There’s No Going Back
At NASA’s Jet Propulsion Laboratory (JPL), Sanjay Joshi designed robots to explore Mars and deep space. In 2001, he left JPL to teach mechanical engineering at UC Davis, where he continues to study autonomous systems for space exploration. With NASA’s manned space program under scrutiny after the Columbia disaster, Joshi discusses how robots can help explore space-and why humans are still critically important.
Q: Where were you when you heard about the Columbia disaster?
I was checking the news on the Internet. My connection was a bit slow and quirky and it cut off a headline that said something about a disaster with the shuttle. I almost thought it was some kind of recap of stories from the Challenger explosion.
Just from a personal observation, I immediately thought about the fact that it was the Columbia. Every shuttle would be the same magnitude of tragedy, but I remember waking up to the first ever Columbia launch-that was the first ever shuttle launch-and making sure to watch that. I remember that time very vividly because it was an important time for me in deciding to get involved in the space program. To see it be gone was very startling. Certainly it was a sad day.
Q: Today the Wall Street Journal’s top story was titled “Shuttle Crash Raises Questions about the Future of Manned Flight.” What are some reasons to send a human into space instead of a robot, or a robot instead of a human, when it’s technologically feasible to do both?
The answer to that question is going to change as the technology evolves. Humans are still the most dexterous beings out there, and for many, many things you can’t compete with the dexterity of a human being. Second of all, and probably more importantly, the reasoning capabilities of astronauts are not going to be challenged by robots anytime soon.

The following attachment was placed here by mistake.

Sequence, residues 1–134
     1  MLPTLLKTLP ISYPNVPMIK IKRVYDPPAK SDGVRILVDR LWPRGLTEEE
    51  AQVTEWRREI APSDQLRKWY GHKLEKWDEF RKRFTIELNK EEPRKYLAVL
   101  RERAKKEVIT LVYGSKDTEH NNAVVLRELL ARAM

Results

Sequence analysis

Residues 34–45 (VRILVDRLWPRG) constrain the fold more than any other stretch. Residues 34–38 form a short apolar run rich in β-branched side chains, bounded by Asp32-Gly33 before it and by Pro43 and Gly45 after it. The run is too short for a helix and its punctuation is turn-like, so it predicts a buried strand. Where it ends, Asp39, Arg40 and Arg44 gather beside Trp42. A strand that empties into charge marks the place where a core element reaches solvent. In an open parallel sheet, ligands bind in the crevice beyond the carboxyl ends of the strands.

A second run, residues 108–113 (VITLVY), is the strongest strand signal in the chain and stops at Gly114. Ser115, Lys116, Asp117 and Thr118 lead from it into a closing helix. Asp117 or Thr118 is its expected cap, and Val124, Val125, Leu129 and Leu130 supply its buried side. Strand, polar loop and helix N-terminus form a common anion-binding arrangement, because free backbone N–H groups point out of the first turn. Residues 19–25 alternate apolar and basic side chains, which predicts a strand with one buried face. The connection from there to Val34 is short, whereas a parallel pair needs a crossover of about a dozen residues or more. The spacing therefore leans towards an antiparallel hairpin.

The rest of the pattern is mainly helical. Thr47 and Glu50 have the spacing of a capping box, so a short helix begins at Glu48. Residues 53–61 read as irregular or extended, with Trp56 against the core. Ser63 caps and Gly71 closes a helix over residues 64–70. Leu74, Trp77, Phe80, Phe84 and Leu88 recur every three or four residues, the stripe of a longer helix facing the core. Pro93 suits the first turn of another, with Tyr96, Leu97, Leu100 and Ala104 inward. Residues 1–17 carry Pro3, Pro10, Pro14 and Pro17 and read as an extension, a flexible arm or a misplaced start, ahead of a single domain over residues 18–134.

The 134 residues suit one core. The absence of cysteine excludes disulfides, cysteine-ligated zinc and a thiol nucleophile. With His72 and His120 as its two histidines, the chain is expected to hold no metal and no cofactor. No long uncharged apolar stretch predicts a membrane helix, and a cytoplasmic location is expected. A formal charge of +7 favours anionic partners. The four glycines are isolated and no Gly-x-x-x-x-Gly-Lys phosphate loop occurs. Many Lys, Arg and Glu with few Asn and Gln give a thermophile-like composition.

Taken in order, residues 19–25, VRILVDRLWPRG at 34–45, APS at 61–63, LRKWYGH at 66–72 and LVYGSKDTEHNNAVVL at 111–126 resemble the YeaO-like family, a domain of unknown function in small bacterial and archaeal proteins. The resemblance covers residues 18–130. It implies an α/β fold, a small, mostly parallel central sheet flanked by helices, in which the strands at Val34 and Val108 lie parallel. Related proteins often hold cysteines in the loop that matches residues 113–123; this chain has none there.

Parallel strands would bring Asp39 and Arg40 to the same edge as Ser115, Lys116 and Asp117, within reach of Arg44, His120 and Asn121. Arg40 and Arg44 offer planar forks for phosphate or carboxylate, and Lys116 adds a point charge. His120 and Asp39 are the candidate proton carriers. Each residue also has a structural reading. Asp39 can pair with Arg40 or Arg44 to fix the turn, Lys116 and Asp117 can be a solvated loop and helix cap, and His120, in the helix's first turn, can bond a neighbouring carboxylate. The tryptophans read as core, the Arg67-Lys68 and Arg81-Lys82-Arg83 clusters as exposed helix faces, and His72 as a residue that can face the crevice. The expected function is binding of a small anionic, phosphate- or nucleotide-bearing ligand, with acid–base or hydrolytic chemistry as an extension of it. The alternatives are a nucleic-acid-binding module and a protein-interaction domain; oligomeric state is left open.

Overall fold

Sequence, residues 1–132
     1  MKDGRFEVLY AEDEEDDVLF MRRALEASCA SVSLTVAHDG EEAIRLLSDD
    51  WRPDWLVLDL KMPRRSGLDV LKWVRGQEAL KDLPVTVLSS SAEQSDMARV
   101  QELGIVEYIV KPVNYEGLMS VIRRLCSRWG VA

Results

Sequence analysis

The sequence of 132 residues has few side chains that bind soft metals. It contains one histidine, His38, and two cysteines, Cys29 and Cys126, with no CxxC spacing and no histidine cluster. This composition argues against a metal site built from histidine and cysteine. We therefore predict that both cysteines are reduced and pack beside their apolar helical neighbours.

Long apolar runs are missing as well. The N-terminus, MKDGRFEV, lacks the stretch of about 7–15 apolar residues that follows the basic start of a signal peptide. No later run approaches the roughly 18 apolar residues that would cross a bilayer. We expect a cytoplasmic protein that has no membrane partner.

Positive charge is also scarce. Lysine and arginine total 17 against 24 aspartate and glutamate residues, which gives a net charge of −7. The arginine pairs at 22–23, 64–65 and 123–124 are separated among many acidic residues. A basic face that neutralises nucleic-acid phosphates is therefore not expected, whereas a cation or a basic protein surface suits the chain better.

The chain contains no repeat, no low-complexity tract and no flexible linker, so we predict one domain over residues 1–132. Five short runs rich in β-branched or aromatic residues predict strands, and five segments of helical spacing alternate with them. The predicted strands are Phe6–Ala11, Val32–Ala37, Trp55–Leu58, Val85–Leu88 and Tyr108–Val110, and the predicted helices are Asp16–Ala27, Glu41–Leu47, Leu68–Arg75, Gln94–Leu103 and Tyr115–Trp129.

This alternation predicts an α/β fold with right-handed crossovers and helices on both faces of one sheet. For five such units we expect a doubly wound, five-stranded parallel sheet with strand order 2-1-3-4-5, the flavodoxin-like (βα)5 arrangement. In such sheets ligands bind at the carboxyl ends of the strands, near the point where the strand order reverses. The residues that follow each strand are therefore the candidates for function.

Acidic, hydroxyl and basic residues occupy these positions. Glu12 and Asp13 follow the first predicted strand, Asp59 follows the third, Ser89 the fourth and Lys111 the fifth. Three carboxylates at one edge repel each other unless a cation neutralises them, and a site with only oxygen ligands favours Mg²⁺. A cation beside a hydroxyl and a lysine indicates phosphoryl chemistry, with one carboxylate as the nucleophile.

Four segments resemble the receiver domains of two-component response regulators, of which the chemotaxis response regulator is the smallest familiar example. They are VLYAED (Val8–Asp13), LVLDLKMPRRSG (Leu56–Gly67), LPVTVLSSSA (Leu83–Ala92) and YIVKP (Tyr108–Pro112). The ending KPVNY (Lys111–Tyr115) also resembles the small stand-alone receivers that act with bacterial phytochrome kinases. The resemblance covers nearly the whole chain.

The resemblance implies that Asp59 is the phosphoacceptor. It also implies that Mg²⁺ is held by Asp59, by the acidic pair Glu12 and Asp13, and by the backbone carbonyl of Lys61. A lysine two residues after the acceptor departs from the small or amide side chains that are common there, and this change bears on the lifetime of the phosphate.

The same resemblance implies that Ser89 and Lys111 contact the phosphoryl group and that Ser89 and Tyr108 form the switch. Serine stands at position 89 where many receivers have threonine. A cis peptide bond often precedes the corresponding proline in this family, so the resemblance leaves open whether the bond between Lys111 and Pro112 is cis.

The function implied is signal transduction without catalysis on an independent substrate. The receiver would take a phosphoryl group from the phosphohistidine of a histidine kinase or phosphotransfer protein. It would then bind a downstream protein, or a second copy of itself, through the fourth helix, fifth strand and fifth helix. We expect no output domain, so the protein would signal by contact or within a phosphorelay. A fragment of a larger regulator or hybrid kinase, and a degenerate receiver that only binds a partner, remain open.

Of course human beings have their limits in terms of what kinds of mechanical manipulation they can do, especially when they are in space. I think really the future is going to be a combination of astronauts and robotic vehicles or robots working together. Now, it’s also important to note that in many environments, human beings just can’t survive, so therefore you are forced to put robots in those environments. And when you talk about the dexterity of human beings, dexterity is somewhat compromised when you’re in a space suit as opposed to not in a space suit. Probably in the future robotic technology is going to allow you to do those things in a less dangerous way.
But whenever we have a decision between sending robotic missions and sending human astronauts, we have to take those decisions very seriously, because as our efforts into space become more complicated as we try to go to farther and farther places, the risk to human life is only going to get greater and greater. So the possibility of these kinds of tragedies will increase as our goals get higher and higher.
Q: Wasn’t the shuttle mission one of the least dangerous things that humans do in space?
Well, what people don’t realize is that bringing a shuttle into space, every single time that it happened, was a dangerous experience, and dangerous because the number of different things that have to go right to get a shuttle into space and then back to earth are tremendous.
Because of our technological prowess and our attention to detail, chances are that astronauts on seemingly routine mission are going to be fine and come home. But they know, and everybody in the space community knows, that there is a chance that they may not come home, and that’s something that they accept and they deal with.
Q: What does this tragedy mean for the future of manned space flight?
I think it’s very important that the space program continues and the space program will continue. There are a lot of discoveries we’re going to make in space using both robotic vehicles and human missions. We have no choice but to go forward, really. There shouldn’t be a discussion of going backwards. Our future is in exploration and finding out our place in the universe and NASA is doing a lot of great things in those areas. Hopefully this will just be a tragic detour in the path, but the path should definitely go on.
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